“Be fearful when others are greedy and greedy only when others are fearful.” — Warren Buffett, 2004 letter to shareholders. The Oracle of Omaha has a great many quotes that have worked their way into our investing lexicon, but none more so than the one above. Sadly, it’s also the most misunderstood quote of Buffett’s time. Below, I’ll offer up some context behind Buffett’s quote and give some hard evidence to add perspective. Poor investor results When Buffett wrote his 2004 letter to shareholders, he wanted to point out that though the market had produced incredible returns over the previous…
“Be fearful when others are greedy and greedy only when others are fearful.”
— Warren Buffett, 2004 letter to shareholders.
The Oracle of Omaha has a great many quotes that have worked their way into our investing lexicon, but none more so than the one above.
Sadly, it’s also the most misunderstood quote of Buffett’s time. Below, I’ll offer up some context behind Buffett’s quote and give some hard evidence to add perspective.
Poor investor results
When Buffett wrote his 2004 letter to shareholders, he wanted to point out that though the market had produced incredible returns over the previous 35 years, the individual investor had largely missed out on such gains. He identified three culprits: fees associated with investment management or frequent trading, making decisions based on fads instead of fundamentals, and a “start-and-stop” approach to investing that leads to poor entry points.
Buffett wraps up the paragraph by saying: “Investors should remember that excitement and expenses are their enemies. And if they insist on trying to time their participation in equities, they should try to be fearful when others are greedy and greedy only when others are fearful.” [Emphasis added.]
Though there’s certainly truth to Buffett’s assertion — that prices are low and attractive when others are bearish and vice versa — he never meant for it to become the mantra of the individual investor.
His statement is more akin to a health guru stating, “You shouldn’t drink soda at all, but if you insist, stick to diet soda.” There’s no doubt those who abstain from the beverages are — all things being equal — better off, but legions of diet drinkers are given solace from the statement.
Luckily for us, there’s a way to back-test how effective Buffett’s strategy would have been in the past. Starting in 1987, the American Association of Individual Investors has taken a sentiment survey on how investors think the market will fare over the next six months.
The survey is taken every week, but in order to smooth out aberrations, let’s focus on the eight-week rolling average. The long-term average is for 39% of investors to be bullish on the market. We’ll say that investors are being fearful when that average is one standard deviation below the norm, and say that they’re greedy when it’s one standard deviation above the norm.
If, starting in 1988 and ending in 2012, the market timer were to only buy stocks when investors became “fearful,” and sell them when they became “greedy,” here’s what the past 24 years of the S&P 500 (INDEX: ^GSPC) would look like.
Source: Yahoo! Finance, AAII.com, author’s calculations. Green represents “buys,” red represents “sells.”
In the end, taking this approach would have yielded 415%, versus the market’s return of 409%. Indeed, following the quasi-Buffett method of buying into the market at certain times slightly outperformed the market.
Are we missing something?
Remember, Buffett said the average investor underperformed because of both expenses and a start-and-stop approach.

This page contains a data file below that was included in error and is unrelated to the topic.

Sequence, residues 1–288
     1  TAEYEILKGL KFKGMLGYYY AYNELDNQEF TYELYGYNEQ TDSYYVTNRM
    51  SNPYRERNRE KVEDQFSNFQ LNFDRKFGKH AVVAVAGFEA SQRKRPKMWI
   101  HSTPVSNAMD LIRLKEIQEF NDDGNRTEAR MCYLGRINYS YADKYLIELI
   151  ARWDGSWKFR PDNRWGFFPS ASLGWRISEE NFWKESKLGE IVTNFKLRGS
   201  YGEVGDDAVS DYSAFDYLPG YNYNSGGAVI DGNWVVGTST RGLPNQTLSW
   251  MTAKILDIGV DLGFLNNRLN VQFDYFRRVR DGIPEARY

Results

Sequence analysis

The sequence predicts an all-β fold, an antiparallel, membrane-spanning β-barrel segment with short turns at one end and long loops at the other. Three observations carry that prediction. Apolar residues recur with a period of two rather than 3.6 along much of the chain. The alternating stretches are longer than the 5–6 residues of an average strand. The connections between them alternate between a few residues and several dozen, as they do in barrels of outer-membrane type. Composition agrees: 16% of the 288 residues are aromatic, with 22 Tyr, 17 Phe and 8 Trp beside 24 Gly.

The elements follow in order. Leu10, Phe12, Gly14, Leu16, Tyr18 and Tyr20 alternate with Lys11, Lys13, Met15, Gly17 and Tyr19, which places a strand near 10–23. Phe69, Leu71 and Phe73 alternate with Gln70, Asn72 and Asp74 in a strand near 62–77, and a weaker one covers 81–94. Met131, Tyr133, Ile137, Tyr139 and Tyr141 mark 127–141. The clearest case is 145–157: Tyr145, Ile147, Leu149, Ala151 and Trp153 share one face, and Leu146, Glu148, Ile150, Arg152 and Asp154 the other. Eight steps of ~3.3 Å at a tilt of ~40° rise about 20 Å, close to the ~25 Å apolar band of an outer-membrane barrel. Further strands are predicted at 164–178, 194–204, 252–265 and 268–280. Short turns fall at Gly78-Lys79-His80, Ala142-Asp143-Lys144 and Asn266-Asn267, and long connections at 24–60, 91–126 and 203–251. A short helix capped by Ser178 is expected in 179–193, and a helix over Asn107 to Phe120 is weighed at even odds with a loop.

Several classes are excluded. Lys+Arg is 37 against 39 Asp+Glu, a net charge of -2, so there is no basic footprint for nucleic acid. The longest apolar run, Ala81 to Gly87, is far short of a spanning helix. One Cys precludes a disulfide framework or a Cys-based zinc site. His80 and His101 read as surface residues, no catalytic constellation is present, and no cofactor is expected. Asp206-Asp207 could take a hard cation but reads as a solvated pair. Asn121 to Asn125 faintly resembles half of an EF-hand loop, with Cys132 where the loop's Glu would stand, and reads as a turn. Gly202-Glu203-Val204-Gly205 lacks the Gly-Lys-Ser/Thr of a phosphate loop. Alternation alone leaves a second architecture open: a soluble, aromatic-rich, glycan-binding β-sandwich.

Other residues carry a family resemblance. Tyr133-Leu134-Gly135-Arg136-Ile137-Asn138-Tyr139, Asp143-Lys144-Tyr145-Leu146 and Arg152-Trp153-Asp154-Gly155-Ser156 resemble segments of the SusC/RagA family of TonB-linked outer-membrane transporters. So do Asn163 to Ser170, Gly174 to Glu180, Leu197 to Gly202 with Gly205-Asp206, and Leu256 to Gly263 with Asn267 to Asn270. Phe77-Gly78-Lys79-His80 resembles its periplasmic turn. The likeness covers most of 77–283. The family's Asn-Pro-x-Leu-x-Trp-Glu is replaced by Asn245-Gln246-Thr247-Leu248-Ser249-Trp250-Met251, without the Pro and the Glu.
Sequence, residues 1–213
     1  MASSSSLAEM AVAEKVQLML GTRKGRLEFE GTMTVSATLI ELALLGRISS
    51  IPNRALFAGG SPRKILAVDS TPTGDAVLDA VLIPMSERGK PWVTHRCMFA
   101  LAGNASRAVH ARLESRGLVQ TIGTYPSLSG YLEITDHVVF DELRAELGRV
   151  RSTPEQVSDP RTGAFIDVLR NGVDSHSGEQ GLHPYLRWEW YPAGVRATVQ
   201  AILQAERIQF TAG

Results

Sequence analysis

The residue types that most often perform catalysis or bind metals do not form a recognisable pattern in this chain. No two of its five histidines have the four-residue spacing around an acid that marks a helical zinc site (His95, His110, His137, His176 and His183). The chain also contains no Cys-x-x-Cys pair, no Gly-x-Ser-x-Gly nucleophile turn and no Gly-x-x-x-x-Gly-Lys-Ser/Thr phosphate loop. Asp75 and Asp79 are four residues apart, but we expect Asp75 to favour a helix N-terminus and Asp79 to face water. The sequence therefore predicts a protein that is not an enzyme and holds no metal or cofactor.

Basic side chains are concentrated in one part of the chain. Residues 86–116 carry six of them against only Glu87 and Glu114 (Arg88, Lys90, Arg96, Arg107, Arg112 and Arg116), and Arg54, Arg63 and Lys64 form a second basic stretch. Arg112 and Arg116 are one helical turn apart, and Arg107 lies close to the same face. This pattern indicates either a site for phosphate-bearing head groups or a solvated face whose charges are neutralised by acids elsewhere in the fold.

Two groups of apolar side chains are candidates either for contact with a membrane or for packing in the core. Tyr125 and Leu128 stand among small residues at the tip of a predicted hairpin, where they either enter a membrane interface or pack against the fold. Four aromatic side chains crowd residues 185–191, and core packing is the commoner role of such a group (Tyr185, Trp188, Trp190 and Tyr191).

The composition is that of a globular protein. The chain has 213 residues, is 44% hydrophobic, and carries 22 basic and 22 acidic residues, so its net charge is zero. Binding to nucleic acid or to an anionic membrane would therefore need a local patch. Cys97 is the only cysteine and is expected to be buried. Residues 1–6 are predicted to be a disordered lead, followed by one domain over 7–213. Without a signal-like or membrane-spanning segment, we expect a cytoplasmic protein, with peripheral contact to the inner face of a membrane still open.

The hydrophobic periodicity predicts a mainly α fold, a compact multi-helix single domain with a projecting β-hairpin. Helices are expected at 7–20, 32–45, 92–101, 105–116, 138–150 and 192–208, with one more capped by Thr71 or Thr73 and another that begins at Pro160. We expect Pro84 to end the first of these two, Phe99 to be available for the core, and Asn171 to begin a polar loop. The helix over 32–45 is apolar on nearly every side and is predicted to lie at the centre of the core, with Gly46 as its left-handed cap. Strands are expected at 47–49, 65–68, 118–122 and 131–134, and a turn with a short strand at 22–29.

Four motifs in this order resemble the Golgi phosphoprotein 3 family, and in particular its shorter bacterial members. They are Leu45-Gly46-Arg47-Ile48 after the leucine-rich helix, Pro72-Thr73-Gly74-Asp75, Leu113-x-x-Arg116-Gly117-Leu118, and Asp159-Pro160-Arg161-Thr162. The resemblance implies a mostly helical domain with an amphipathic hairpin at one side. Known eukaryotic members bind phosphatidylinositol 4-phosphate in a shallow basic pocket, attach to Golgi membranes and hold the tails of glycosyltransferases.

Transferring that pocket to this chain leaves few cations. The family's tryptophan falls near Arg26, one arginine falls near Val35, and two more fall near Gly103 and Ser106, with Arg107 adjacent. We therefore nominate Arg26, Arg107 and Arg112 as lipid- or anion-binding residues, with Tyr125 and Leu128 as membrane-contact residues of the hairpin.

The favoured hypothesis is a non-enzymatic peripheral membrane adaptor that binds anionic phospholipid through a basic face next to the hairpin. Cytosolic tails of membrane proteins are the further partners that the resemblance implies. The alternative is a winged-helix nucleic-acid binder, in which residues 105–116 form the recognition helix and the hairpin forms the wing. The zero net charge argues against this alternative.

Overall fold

Even if we give the market timer the benefit of the doubt on expenses and taxes — they have zero commissions and all of their holdings are in a tax-advantaged Roth account (even though they didn’t exist back in 1987) — we are forgetting about one key thing: dividends. Every time the market timer sells and sits on his money, he is missing out on the dividends offered up by companies.
When we factor dividends into the equation, we see that the long-term buy-to-hold investor outperforms the market timer by more than 100 percentage points.
Source: YCharts, AAII.com, author’s calculations.
But we’re still missing the point
Without a doubt, for the average investor who has better things to do than spend all day crunching numbers on the computer, buying and holding an index fund is an excellent choice. But if we were to take Buffett’s advice one step further, we could really juice our returns.
Buffett has said several times that the key to investing success is buying companies with great economics in their favour at reasonable prices, and holding them for the ultra-long run. How would an approach like that work? Take a look at how the book value of Buffett’s Berkshire Hathaway (NYSE: BRK-B) has appreciated over the same time frame we’ve been investigating.
Source: YCharts, AAII.com, author’s calculations, Berkshire Hathaway annual letter.
The takeaways here are three-fold. First, though valuation matters, trying to time the market is simply a waste of time and energy. Second, dividends matter — the second chart should make that crystal clear. Finally, buying with an eye on fundamentals and a decades-long future can give you a huge advantage over Wall Street traders.
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The Motley Fool‘s purpose is to help the world invest, better. Take Stock is The Motley Fool’s free investing newsletter. Packed with stock ideas and investing advice, it is essential reading for anyone looking to build and grow their wealth in the years ahead. Click here now to request your free subscription, whilst it’s still available. This article contains general investment advice only (under AFSL 400691). Authorised by Bruce Jackson.
A version of this article, written by Brian Stoffel, originally appeared on fool.com